Note: Not at the old Poker1 site. A version of this entry was originally published (1993) in Card Player magazine under the title “Are poker clubs at racetracks destined for profit or failure?”
I guess you’ve heard that a poker club has been approved for the Hollywood Park racetrack in Inglewood, California. There’s another one possible at the nearby Los Alamitos track in Cypress. The card club industry is currently debating how successful such ventures will be.
Different folks. Some types of activities go together and some don’t. Fishing and hunting appeal to mostly the same group, although a few fishermen certainly hate hunting. But fishing and water skiing are seldom passions of the same person, even though both have lakes in common. Fishermen hate the waves and the noise that water skiers make when splashing by. And water skiers see fishermen and their boats as annoying obstacles.
In 1976 I met twice world poker champion Doyle Brunson, now a key member of the Poker Hall of Fame at Binion’s Horseshoe. Back then, Doyle was planning what is now the definitive book on poker, called Super/System—A Course in Power Poker. Some folks were pressuring Doyle to put hundreds of thousands of dollars into promoting this single book. Doyle—well, you know Doyle—what did he care? He had the product and he had the money.
Destroying Doyle’s dollars. A year later, I had the privilege of burning up a lot of his money. Against our best judgment, we mailed to lists of craps shooters, roulette players, and more. You try selling a revolutionary poker book to a hot list of roulette players! Too complex for them. That was Doyle’s opinion and mine. But others argued that gambling was gambling, so Doyle spent the money. The results were dismal. Doyle decided to continue the mailings, explaining, “Mike, you and I know who buys poker books. They don’t know. I’m fixin’ to let them learn. Then they’ll know how to make me some real money.” Doyle was right. They finally figured it out and eventually he made money.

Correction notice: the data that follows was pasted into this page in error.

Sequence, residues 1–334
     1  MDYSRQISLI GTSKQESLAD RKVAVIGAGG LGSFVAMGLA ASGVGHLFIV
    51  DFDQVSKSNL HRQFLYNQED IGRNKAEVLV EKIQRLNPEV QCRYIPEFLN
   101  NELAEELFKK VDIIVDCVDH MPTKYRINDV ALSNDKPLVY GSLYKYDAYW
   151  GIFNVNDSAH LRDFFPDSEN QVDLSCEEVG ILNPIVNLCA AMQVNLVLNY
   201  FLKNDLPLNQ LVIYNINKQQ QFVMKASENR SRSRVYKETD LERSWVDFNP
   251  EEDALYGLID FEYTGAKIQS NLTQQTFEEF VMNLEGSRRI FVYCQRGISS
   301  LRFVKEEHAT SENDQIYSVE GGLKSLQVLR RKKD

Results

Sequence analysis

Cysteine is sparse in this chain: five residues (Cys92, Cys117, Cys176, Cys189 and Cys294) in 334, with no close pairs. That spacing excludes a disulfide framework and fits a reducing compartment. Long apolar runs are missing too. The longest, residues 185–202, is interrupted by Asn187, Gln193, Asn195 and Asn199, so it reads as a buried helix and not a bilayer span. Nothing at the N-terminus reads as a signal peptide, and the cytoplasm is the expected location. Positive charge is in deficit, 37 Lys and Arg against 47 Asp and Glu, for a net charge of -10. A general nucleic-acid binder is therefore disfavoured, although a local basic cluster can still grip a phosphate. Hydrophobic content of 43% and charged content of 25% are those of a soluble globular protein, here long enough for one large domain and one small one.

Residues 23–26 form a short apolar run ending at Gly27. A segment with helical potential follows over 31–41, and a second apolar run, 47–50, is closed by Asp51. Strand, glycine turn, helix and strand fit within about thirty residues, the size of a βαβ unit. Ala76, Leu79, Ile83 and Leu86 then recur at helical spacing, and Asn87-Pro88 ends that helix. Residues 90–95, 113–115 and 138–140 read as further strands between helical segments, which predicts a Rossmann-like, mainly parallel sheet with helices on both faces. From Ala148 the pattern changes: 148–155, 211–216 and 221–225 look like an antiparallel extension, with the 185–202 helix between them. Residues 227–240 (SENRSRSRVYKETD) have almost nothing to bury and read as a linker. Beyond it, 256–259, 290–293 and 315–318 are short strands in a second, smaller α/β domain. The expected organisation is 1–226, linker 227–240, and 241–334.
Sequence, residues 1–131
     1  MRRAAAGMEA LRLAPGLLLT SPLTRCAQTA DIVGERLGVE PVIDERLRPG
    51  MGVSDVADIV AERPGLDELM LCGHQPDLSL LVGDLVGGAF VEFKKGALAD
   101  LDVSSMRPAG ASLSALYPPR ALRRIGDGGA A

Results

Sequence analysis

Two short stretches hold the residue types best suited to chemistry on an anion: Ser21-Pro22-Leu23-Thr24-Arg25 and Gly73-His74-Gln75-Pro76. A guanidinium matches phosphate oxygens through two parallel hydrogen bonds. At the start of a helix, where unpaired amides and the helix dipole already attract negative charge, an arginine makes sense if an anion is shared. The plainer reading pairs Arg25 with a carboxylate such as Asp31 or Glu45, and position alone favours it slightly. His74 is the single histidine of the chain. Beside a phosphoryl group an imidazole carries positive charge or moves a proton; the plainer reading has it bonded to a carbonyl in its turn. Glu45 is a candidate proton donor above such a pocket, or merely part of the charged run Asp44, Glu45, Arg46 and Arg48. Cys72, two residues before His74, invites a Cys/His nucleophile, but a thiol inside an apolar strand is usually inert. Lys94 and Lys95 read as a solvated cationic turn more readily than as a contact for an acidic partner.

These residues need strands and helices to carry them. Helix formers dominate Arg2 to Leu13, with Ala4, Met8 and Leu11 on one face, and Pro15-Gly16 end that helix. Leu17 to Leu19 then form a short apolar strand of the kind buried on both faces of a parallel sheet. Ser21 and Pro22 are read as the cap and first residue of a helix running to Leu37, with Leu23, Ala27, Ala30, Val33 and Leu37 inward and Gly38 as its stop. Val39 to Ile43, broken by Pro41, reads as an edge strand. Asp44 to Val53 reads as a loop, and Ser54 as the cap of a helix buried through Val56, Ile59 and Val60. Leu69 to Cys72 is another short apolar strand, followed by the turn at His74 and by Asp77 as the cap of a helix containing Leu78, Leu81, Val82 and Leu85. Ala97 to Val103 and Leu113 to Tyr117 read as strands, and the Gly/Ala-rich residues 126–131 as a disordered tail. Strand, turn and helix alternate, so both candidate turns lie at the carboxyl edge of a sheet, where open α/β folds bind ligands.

Brainless games. If you’re marketing poker, try sport bettors, doctors, lawyers, blackjack players. That all works. Stay away from roulette, craps, bingo, and lottery. Those are brainless games, alien to most poker players.
Horseracing? Yes! You can sell poker to horse players. And you can sell horseracing to poker players. Why? Because a lot of thought goes into the betting process. These are people who try to win by being smart.
So, will card clubs at racetracks be successful? Because of the intense crossover between horseracing and poker, you can bet they’ll be hugely successful. Is that my opinion? No! As the Mad Genius, I don’t traditionally give opinions. But that’s the answer. — MC